Saturday, April 6, 2019

the last book I ever read (The Fifth Risk by Michael Lewis, excerpt ten)

from The Fifth Risk by Michael Lewis:

After Trump took office, DJ Patil watched with wonder as the data disappeared across the federal government. Both the Environmental Protection Agency and the Department of the Interior removed from their websites the links to climate change data. The USDA removed the inspection reports of business accused of animal abuse by the government. The new acting head of the Consumer Financial Protection Bureau, Mick Mulvaney, said he wanted to end public access to records of consumer complaints against financial institutions. Two weeks after Hurricane Maria, statistics that detailed access to drinking water and electricity in Puerto Rico were deleted from the FEMA website. In a piece for FiveThirtyEight, Clare Malone and Jeff Asher pointed out that the first annual crime report released by the FBI under Trump was missing nearly three-quarters of the data tables from the previous year. “Among the data missing from the 2016 report is information on arrests, the circumstances of homicides (such as the relationships between victims and perpetrators), and the only national estimate of annual gang murders,” they wrote. Trump said he wanted to focus on violent crime, and yet was removing the most powerful tool for understanding it.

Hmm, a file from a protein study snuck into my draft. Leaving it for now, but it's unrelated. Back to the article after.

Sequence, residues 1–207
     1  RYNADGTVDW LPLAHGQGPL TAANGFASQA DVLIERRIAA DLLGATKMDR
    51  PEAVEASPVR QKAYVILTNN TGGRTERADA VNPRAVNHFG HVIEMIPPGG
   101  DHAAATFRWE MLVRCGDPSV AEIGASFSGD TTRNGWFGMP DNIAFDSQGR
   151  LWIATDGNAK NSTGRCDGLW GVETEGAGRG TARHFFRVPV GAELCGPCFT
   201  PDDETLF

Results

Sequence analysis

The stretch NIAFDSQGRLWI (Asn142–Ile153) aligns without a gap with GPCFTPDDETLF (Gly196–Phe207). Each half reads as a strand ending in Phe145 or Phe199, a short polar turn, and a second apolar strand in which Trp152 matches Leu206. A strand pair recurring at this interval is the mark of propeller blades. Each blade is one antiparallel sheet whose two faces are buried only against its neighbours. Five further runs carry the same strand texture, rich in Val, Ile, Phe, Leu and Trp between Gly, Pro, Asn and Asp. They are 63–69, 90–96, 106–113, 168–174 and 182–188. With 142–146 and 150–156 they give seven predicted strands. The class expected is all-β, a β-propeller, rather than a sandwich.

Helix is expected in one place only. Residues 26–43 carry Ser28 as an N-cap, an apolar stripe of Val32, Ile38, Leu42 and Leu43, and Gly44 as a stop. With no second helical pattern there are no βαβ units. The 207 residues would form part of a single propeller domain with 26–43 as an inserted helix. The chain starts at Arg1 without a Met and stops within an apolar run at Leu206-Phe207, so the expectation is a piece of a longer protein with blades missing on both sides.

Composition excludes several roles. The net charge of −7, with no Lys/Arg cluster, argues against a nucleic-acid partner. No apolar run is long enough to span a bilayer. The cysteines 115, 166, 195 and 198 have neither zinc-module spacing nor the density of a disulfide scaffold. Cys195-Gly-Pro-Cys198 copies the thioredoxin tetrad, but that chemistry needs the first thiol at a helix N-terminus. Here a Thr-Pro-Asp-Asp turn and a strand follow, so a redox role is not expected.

And as for the country’s first chief data scientist—well, the Trump administration did not show the slightest interest in him. “I basically knew that these guys weren’t going to listen to us,” said DJ, “so we created these exit memos. The memos showed that this stuff pays for itself a thousand times over.” He hoped the memos might give the incoming administration a sense of just how much was left to be discovered in the information the government had collect. There were questions crying out for answers: for instance, what was causing the boom in traffic fatalities? The Department of Transportation had giant pools of data waiting to be searched. One hundred Americans were dying every day in car crashes. The thirty-year trend of declining traffic deaths has reversed itself dramatically. “We don’t really know what’s going on,” said DJ. “Distracted driving? Heavier cars? Faster driving? More driving? Bike lanes?”

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